Imagining a Better Way to Grow Old in America

Imagining a Better Way to Grow Old in America


Illustration by Hanna Barczyk.

Brandon Will had a life plan: go to grad school for creative writing in New York City and eventually get a job in publishing. But then his mother, Janice, came to visit. She had lost a “startling” amount of weight, he said. At 62, she wanted to take cabs for short distances. He noticed a stiffness in her facial muscles that made it difficult for her to express emotion. “I’d be taking selfies and she couldn’t smile,” he recalled.

Within a year she would be diagnosed with Parkinson’s disease. “It got real serious real quick,” Will said. He decided to sublet his room in New York and move home to Detroit for three months. “I thought we’d get her back to where she’d been before the spiral happened.” It’s now been five years, and Will still lives with her, monitoring her meals, doling out her medications, and helping her get around the house without falling.

Will said his family was “very blue collar.” His father was an electrician, and his mother paused her freelance writing career to be a stay-at-home parent. “We had always been kind of broke, but my parents did a great job working with so little,” he said. There were no college funds, but there was always food on the table and money for book fairs. In retirement, Janice lives on a modest 401(k) account and receives a portion of Brandon’s father’s pension. A few years ago, a doctor wrote Janice a prescription for home health care, and an aide came to assess her. He outlined a care plan, but Medicare refused to cover it. Medicaid might, but Janice’s modest income makes her ineligible for it.

One way or another, long-term care is likely to touch all of our lives. Those with incomes low enough to qualify for Medicaid can get coverage for nursing home stays or, for a lucky few, care inside their homes, and an even smaller number can afford private long-term care insurance. Outside of that, there is no system for helping us afford the care we need if we are fortunate enough to live long lives.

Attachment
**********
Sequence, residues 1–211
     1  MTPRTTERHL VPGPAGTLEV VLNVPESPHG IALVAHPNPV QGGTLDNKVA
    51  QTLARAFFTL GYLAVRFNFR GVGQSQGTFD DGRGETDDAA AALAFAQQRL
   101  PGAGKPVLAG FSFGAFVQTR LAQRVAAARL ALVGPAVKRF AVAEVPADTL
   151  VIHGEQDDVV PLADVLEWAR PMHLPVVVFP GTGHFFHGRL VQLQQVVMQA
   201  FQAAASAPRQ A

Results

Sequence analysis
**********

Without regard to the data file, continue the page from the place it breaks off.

“Our country has never had a long-term care system,” said Ai-jen Poo, director of the advocacy organization Caring Across Generations. When the United States implemented programs like Medicare and Medicaid, life expectancy was far shorter and support for aging wasn’t on the agenda. The issue hasn’t garnered much political attention since then. Americans don’t like to think about death, aging, or disabilities. “We’ve been youth-focused and ability-focused,” said Sarah Szanton, director of the Center for Innovative Care in Aging at the Johns Hopkins School of Nursing. “We have so much ableism, and we have viewed [aging] traditionally as a private matter.”

Today, the United States has a tattered state-by-state patchwork instead of a comprehensive social safety net. “We call it the nonsystem of long-term care,” said Susan Reinhard, senior vice president and director at the AARP Public Policy Institute. Most people assume that Medicare will cover long-term care, but it doesn’t automatically pay for even short-term assisted living or nursing home stays. In rare cases it will cover short-term in-home care from a certified aide. Medicaid covers nursing homes and, in some states, will sometimes cover home care, but many only qualify after they have spent down their assets—often by paying out of pocket for costly nursing home stays.





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